Pop culture obsessives writing for the pop culture obsessed.
Pop culture obsessives writing for the pop culture obsessed.

The Smiths’ “Meat Is Murder” is nauseating to vegetarians and carnivores alike

Illustration for article titled The Smiths’ “Meat Is Murder” is nauseating to vegetarians and carnivores alike

In Hear This, A.V. Club writers sing the praises of songs they know well. This week, we’re talking about the songs we hate by bands we love.


The Smiths, “Meat Is Murder” (1985)

I’m 75 percent vegetarian by circumstance: My wife has been meat-free for the bulk of our relationship, and since she’s the one who handles 99.9 percent of the food preparation in our house, my diet is increasingly plant-based. With only a tenuous claim to the cause—and a stomach full of the hamburgers, sausages, and fowl that I eat when dining outside of the home—I still feel the pangs of nausea from every note, beat, and See ’N Say sound effect of The Smiths’ “Meat Is Murder.” The final track of its otherwise unimpeachable namesake LP, the song is a stone-faced dirge even by the frequently stone-faced, occasionally dirge-like standards of former Smiths frontman Morrissey. “Meat Is Murder,” then, is triply heinous: It’s 1) a bad song that 2-3) reinforces negative stereotypes about vegetarianism and The Smiths.

When Meat Is Murder was released stateside in 1985, the Smiths-iest of Smiths singles, “How Soon Is Now?”, was included as its centerpiece. Yet even that song’s (brilliant) sad-bastard rallying cry—“I am human and I need to be loved / just like everybody else does”—sounds like an understatement in comparison to “Meat Is Murder”’s sanctimonious refrain: “It’s death for no reason / and death for no reason is murder.” Ethics, the legal definition of murder, and Morrissey’s extra-curricular foot-in-mouth disease aside, “Meat Is Murder” is just a flaccid piece of songwriting, a startling miss from a melodically gifted act whose lyrics can be found wherever undergrads are currently peacocking their taste in music. (No, you raided the Morrissey-Marr songbook for LiveJournal post titles in the summer of 2005.) If its opening passages were abbreviated to a brief experiment in musique concrète, it might be tolerable. As a full track, however, it’s the PETA sidewalk petitioner of the Smiths discography, to be blown by swiftly and with minimal eye contact. If this is the way “Meat Is Murder” has to go about spreading its message, you don’t have a minute for animal rights today—let alone six minutes and 13 seconds of Morrissey splashing red paint on passersby.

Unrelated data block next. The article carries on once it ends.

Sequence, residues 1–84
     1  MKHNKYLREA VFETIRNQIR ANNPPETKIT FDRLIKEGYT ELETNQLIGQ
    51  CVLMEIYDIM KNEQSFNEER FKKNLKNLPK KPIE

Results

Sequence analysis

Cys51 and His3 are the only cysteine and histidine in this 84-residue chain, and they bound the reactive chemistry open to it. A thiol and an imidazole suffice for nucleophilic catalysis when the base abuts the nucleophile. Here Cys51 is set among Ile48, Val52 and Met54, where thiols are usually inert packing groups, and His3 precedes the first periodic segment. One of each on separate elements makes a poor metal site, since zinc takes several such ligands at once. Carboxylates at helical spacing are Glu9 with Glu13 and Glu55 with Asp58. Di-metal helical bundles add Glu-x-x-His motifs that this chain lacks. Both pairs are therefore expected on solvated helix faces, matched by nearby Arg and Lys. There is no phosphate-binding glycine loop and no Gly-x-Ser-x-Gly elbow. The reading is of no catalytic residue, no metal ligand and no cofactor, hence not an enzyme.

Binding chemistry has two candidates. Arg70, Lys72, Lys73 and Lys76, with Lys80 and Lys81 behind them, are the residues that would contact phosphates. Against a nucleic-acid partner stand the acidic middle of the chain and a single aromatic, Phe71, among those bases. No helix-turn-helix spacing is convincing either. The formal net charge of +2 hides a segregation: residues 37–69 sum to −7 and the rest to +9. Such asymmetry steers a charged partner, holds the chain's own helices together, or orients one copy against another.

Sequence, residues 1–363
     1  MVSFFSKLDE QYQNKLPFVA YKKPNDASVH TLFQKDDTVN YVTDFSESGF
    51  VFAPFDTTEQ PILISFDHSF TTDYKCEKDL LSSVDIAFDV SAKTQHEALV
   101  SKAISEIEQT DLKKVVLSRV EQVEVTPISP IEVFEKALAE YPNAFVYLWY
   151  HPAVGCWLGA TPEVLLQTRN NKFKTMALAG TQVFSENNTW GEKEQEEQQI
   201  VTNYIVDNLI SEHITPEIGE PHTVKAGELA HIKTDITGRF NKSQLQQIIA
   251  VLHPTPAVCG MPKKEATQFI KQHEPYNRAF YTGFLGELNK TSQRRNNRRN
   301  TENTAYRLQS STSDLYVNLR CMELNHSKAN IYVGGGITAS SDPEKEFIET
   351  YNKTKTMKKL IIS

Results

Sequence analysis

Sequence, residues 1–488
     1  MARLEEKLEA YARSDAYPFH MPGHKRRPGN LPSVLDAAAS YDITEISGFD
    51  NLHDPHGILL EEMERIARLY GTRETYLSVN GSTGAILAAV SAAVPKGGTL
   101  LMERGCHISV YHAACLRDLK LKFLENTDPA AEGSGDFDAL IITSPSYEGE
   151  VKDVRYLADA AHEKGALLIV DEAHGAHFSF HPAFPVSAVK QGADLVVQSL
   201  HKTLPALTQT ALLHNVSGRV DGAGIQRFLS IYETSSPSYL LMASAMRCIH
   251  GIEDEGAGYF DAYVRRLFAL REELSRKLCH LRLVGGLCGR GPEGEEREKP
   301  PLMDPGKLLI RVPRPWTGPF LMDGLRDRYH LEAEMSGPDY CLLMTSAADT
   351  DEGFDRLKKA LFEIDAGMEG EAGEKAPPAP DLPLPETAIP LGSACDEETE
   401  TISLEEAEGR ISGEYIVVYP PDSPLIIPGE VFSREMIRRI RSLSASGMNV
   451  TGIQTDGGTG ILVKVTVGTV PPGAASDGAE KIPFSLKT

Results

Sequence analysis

Sequenced after “Barbarism Begins At Home,” which would have been the better album closer, Meat Is Murder’s title track ends the record on a dissatisfied sigh. It’s Morrissey pushing his convictions while Johnny Marr, Mike Joyce, and Andy Rourke join him in slack solidarity, plodding along while Marr tinkers with pitch-shifting that would be used to stronger effect on “Bigmouth Strikes Again.” When Meat Is Murder was restored to an eight-track running order for its 2011 re-issue, “How Soon Is Now?” got the heave-ho. It would’ve been better if the title track went missing, though. That’s something we should all be able to agree on, regardless of diet.